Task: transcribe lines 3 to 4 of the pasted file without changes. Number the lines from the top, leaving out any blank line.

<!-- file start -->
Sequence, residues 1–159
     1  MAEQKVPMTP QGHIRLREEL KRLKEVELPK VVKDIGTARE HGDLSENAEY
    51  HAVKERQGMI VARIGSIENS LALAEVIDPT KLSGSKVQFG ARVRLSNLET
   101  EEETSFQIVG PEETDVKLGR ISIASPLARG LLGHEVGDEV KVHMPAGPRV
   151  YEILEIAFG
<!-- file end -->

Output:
    51  HAVKERQGMI VARIGSIENS LALAEVIDPT KLSGSKVQFG ARVRLSNLET
   101  EEETSFQIVG PEETDVKLGR ISIASPLARG LLGHEVGDEV KVHMPAGPRV